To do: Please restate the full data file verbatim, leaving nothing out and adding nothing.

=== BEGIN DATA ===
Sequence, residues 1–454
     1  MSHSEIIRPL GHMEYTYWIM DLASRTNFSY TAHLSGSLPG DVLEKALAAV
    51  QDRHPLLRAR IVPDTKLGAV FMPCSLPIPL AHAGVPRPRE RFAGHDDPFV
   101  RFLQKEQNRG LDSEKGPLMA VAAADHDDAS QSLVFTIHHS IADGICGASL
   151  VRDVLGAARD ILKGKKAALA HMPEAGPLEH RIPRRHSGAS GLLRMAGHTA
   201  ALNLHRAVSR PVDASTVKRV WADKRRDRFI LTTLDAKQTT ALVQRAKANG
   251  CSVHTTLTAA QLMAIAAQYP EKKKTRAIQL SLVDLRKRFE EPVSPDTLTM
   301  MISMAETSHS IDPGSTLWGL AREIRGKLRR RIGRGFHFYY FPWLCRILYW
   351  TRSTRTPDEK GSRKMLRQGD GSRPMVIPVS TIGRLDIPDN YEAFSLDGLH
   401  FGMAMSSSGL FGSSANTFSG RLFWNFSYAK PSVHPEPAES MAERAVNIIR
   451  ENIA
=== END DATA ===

Sequence, residues 1–454
     1  MSHSEIIRPL GHMEYTYWIM DLASRTNFSY TAHLSGSLPG DVLEKALAAV
    51  QDRHPLLRAR IVPDTKLGAV FMPCSLPIPL AHAGVPRPRE RFAGHDDPFV
   101  RFLQKEQNRG LDSEKGPLMA VAAADHDDAS QSLVFTIHHS IADGICGASL
   151  VRDVLGAARD ILKGKKAALA HMPEAGPLEH RIPRRHSGAS GLLRMAGHTA
   201  ALNLHRAVSR PVDASTVKRV WADKRRDRFI LTTLDAKQTT ALVQRAKANG
   251  CSVHTTLTAA QLMAIAAQYP EKKKTRAIQL SLVDLRKRFE EPVSPDTLTM
   301  MISMAETSHS IDPGSTLWGL AREIRGKLRR RIGRGFHFYY FPWLCRILYW
   351  TRSTRTPDEK GSRKMLRQGD GSRPMVIPVS TIGRLDIPDN YEAFSLDGLH
   401  FGMAMSSSGL FGSSANTFSG RLFWNFSYAK PSVHPEPAES MAERAVNIIR
   451  ENIA